New Inheritance Relief: 'The Residence Nil Rate Band'
What is it?
The Residence Nil Rate Band (“RNRB”) is an additional allowance for the purposes of inheritance tax (“IHT”). Subject to compliance with various other rules the RNRB will help to reduce the overall IHT bill if you leave your home to your descendants.
The rise in house prices means that many people with quite modest homes, particularly in London and the South East, will be drawn into paying inheritance tax. Rather than increase the general inheritance tax nil rate band the Government decided to introduce an extra relief targeted at gifts in Wills relating to the family home. This relief is therefore a lot more complicated compared to just increasing the normal nil rate band.
The Basic Rule
An estate will be entitled to the RNRB if:
- An Individual dies on or after 6 April 2017;
- The individual owns a home or a share in the home;
- One or more descendants of the individual inherit the home;
- The value of the deceased’s estate isn’t greater than £2m
How much is the RNRB?
On deaths in the following tax years it will be:
- £100,000.00 – 2017/2018
- £125,000.00 – 2018/2019
- £150,000.00 – 2019/2020
- £175,000.00 – 2020/2021
Thereafter the RNRB is due to increase in line with inflation.
In order to qualify for the RNRB you have to leave your home to one or more of your “direct descendants”. However, for the purposes of the RNRB direct descendant is defined quite widely so that it will include:-
- Your Children, Grandchildren, Great Grandchildren etc.
- The Spouses or Civil Partners of your Children, Grandchildren or Great Grandchildren including their Widows, Widowers or surviving Civil Partners
- Your Step Children
- Your Adopted Children
- Anybody you have fostered
- Anyone for whom you have been appointed as a Guardian or Special Guardian for that child when they were under 18.
- Married Couples and Civil Partners
You may already be familiar with the concept of the transferable nil rate band. If a married person dies and leaves all of their assets to their spouse that means the deceased will not have used any part of their ordinary nil rate band, which is currently £325,000.00. When the surviving spouse dies his or her executors can claim the transferable nil rate band from the first spouse to die. This means that the survivor of a married couple will often have a double nil rate band available meaning that the first £650,000.00 of their estate is free of IHT.
The same applies to the RNRB. For example, assume that Eric died in 2014 and left all of his assets to his wife Diane. Diane dies on 3 September 2020 and her Will leaves all of her assets to her children equally. Diane owns her own home worth £400,000. When she dies. In these circumstances, Diane’s estate would qualify for an RNRB of £175,000.00 and the unused RNRB from Eric’s estate can be transferred giving a total RNRB of £350,000.00. This can be added to the normal nil rate band for Diane plus the NRB transferred from Eric to give a combined NRB and RNRB on the occasion of Diane’s death of £1m.
The value of the available RNRB cannot exceed the value of the deceased’s residence. However, in principle any married couple owning a family home worth £350,000.00 or more will have a combined NRB and RNRB of £1m where at least one of them doesn’t die until after 5 April 2020.
What happens if you don’t own your own home when you die because you sold it in your lifetime, perhaps because you had moved into a Care Home? In these circumstances, the value of the RNRB is preserved for you provided the sale or downsizing took place on or after 8 July 2015. Working out exactly how much you will be entitled to can be complicated.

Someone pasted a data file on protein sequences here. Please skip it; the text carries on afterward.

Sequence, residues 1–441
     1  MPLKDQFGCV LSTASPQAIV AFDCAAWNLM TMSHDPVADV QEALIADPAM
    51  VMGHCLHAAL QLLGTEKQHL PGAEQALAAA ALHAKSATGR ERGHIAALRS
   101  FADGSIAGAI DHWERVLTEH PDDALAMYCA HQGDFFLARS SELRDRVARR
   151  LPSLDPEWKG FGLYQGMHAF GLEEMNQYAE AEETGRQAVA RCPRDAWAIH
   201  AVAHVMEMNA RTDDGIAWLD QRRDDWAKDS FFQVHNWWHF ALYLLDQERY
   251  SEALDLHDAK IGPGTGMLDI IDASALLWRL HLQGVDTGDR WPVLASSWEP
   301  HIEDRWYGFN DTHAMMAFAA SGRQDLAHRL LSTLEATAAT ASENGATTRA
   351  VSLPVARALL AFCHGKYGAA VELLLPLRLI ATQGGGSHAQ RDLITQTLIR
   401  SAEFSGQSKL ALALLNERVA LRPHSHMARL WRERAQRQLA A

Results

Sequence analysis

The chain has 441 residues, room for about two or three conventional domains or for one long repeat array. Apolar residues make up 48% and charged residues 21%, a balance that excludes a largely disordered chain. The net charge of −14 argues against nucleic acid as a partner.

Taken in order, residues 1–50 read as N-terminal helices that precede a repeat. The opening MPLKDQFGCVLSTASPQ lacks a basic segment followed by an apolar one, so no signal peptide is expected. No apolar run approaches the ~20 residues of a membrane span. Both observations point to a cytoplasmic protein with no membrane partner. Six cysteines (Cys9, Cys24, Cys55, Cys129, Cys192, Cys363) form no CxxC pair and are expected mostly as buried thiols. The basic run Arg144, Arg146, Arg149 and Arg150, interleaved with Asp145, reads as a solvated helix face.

Restriction on the RNRB
If your total estate on death is worth more than £2m then the RNRB is reduced by £1.00 for every £2.00 that the estate exceeds the £2m threshold.
This means that the RNRB will be of no value at all to a single person with total assets of £2,350,000. or to a married couple whose assets exceed £2.7m.
Many of the normal rules for calculating the taxable value of an estate for IHT purpose do not apply for the purpose of the £2m threshold. For example, the spouse exemption and business property relief are ignored but on the other hand, lifetime gifts are not added back. A member of the Trust & Estates Team will be happy to advise you in more detail if you are concerned that your estate may exceed the RNRB taper threshold.
It would be sensible to review your Will (or indeed make a Will!) if claiming the RNRB would be of value to you and your beneficiaries.
It is not essential that the Will contains a specific gift of the family home. “Traditional” Wills in which a married couple state that if they both die then they leave all of their assets to their children equally would be sufficient to ensure that the maximum RNRB could be claimed.
We continue to recommend Will Trusts where appropriate for reasons of flexibility and asset protection. If the family home is left in trust in your Will this does not necessarily mean that the RNRB will not be available. The Talbots Trust & Estates Team can provide further guidance.
The introduction of the RNRB means that some of the generally accepted rules for estate planning are now going to change. In particular, if you have concerns that your estate may exceed the £2m taper threshold then traditional Wills in which the first spouse to die leaves all assets to the surviving spouse outright may no longer be appropriate.
For further advice and information please contact one of Talbots’ Trust & Estates Lawyers in each of our 7 local offices.
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